Anything that will make one stand out from the crowd is welcome. Criminologists are of the opinion that considerable crime is committed for no other reason than that those who perpetrate those crimes have never had any distinction. They have always been on an average level and have done nothing to warrant the publication of their names in the newspapers. They are hungry for notoriety.

AS A RULE the first thing a criminal demands after his arrest is to see the newspapers. He will read every word published about himself and treasure the clippings.

He becomes indignant when his crime ceases to find first page position and is relegated to the less important news section inside the paper. He will often assist in the development of a brand new angle, because he knows this will revive interest and give him more publicity.

And it is this same vanity -- it is really a psychotic condition -- which causes hundreds, even thousands, of persons to declare they have been witness to things that never happened. Two such incidents have long lingered in The Wanderer's memory. They are small, when compared with what has occurred in connection with the flying saucers, but they may be used to prove a point.

FRANK HUNTER was a reporter on the Morning News at Marion, Indiana, back in the days when The Wanderer, still in prep school, did newspaper work in his home town during the summer vacations.

Frank was an unusual character who early made a reputation for himself as a brilliant feature writer. He had a streak of humor in him that was delightful and he was destined in later years to win high reputation for himself on several metropolitan newspapers.

During the year or so he spent on the Morning News at Marion, Frank regularly covered the police beat. In addition he was expected to write a daily local feature story which always appeared in the lower left hand corner of the first page. These features were so popular that they were the first thing to which many readers turned upon receiving the paper.

ONE SUMMER night Frank, in covering his regular beat, met several of his old friends who had come to Marion from Indianapolis and were stopping at a local hotel. It was a congenial crowd and when Frank looked up at the barroom clock, he discovered that it was later than he thought. The deadline was approaching and he had neglected to write his daily feature. In fact, he had given it no thought.

Rushing back to his office he began to write. His vivid imagination conjured up the story as he went along. He told how, late that night, dozens, scores, hundreds, even thousands of rats had been observed in the public square. He worked in a lot of colorful descriptive matter with references to the Pied Piper of Hamlintown. Where the rats came from was unknown. Where they went was likewise a mystery. But it was a good story -- a story of the sort Frank liked best and in which he had been entirely unhampered by facts.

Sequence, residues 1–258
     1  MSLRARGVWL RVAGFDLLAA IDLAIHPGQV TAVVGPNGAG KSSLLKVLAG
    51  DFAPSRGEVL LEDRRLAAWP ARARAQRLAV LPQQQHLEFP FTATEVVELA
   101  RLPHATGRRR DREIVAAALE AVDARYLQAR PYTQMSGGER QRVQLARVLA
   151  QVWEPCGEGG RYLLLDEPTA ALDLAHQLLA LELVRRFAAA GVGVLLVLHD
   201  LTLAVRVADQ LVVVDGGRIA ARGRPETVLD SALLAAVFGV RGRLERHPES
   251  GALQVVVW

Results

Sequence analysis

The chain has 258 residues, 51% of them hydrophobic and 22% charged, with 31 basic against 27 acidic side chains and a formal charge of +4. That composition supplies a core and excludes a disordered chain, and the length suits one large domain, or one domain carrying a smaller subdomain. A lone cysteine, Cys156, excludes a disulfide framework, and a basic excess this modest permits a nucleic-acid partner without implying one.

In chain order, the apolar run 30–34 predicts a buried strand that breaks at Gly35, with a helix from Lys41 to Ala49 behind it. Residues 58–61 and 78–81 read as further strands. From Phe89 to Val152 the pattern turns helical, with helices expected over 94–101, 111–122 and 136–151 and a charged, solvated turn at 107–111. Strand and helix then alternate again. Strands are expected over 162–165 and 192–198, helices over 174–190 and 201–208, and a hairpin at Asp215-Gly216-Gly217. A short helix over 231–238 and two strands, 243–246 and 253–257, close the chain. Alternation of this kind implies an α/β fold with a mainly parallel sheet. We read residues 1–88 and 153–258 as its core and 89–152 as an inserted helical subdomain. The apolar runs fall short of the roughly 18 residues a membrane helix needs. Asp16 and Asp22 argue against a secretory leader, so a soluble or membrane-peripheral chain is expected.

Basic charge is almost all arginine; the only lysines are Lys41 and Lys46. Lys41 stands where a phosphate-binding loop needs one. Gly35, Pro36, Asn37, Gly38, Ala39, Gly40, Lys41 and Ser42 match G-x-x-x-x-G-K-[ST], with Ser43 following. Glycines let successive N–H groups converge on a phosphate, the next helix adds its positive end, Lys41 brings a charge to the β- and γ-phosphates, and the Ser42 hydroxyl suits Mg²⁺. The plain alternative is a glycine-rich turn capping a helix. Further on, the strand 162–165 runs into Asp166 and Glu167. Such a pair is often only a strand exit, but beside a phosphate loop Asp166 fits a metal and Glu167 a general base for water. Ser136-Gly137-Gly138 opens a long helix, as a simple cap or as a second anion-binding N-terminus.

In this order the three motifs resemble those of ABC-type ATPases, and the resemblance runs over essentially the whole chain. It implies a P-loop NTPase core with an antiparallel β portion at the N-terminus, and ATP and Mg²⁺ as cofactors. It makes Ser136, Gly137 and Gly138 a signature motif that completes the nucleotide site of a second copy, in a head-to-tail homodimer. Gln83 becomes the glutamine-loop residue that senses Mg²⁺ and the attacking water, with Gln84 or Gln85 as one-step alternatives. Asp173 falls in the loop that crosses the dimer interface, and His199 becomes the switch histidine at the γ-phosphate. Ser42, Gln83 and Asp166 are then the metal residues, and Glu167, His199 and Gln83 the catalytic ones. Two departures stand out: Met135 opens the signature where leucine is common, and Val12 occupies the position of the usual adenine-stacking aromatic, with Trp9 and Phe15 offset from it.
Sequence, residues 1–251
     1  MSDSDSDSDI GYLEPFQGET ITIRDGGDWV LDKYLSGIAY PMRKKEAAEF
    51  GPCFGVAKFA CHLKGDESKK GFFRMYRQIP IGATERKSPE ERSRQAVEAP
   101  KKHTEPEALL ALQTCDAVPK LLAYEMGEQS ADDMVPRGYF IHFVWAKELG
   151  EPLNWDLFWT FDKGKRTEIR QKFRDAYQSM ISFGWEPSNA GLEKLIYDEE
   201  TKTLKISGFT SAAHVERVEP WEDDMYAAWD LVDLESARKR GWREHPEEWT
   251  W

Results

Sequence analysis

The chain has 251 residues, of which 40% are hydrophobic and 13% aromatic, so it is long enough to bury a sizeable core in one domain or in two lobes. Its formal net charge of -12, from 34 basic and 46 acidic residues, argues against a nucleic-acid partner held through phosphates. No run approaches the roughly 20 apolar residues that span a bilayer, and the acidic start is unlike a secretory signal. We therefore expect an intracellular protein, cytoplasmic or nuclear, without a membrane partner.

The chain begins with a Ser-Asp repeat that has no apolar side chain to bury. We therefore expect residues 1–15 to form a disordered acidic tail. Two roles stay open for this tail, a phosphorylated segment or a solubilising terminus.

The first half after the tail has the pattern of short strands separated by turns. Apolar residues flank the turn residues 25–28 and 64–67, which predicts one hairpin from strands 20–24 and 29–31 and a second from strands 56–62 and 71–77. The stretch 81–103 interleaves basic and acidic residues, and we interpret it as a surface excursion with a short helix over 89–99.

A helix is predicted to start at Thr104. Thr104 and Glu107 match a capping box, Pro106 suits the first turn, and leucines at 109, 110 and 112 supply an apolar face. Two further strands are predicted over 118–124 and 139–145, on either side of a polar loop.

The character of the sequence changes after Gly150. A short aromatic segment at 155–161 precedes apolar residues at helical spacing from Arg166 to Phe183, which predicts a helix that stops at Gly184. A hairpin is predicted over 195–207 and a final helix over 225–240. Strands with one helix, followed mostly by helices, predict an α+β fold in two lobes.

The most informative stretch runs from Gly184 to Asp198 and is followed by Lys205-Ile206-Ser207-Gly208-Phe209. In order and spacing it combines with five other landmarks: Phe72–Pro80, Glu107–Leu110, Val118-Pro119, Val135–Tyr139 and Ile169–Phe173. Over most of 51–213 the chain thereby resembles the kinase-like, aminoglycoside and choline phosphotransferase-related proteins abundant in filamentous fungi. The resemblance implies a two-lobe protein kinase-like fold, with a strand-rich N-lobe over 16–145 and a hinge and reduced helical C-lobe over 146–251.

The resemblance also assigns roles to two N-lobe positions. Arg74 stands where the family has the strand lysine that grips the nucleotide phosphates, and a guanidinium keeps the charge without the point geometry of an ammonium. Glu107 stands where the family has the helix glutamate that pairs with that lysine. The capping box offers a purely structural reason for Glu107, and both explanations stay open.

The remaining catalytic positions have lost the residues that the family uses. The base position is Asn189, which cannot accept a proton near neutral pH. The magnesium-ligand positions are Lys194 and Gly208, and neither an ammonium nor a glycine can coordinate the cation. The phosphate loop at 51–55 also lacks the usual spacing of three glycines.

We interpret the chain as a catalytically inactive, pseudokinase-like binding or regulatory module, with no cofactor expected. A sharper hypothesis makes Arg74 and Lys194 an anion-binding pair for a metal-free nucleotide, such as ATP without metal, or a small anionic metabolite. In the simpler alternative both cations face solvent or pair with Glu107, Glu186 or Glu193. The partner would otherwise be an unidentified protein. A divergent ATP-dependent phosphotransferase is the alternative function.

BOB BUTLER, the news editor, read the copy Frank threw on his desk and was doubtful. Was it good policy to print such a downright fabrication? But press time was near at hand so Bob salved his conscience with the thought that it would be interesting to see just what reaction such a story would bring.

"It will be easy enough to explain later that the story was written just in the spirit of fun," he argued with himself, "and I am sure our readers will enjoy the joke."

SO THE STORY was sent to the composing room, put into type and that same morning appeared in the paper.

It caused as much excitement around Marion as has the flying saucers story throughout the United States. Some tried to laugh it off, but the majority took it seriously. Speculation was rife. And then came a reaction entirely unexpected.

All day long the office phone rang and people declared that they too, had seen the rats. Some claimed to have seen them on the public square. Others had seen them in their own neighborhoods. At least one person said he had seen them go north on Adams street after passing around the square, where they disappeared into the river.

Many of the stories told were fantastic, but none more so than the one which, originating in the fertile imagination of Frank Hunter, had found its way into print.

But there were no rats, and when the paper explained the true situation and full confession was made that the story had been published merely as a joke, the editorial department was deluged with more telephone calls and letters from those who still were willing to take oath that they had seen the rats and were indignant that the paper should say there had been no such rodents.

SOME YEARS after this, when The Wanderer was working in Indianapolis, he went back to Marion for his vacation. One day, sitting in Cubberly's cigar store, he recalled the rat story for the benefit of a little group of old friends including the city editor of the Chronicle. "That story must be about forgotten by this time," the latter said, "and I think it would be interesting to repeat it in different form."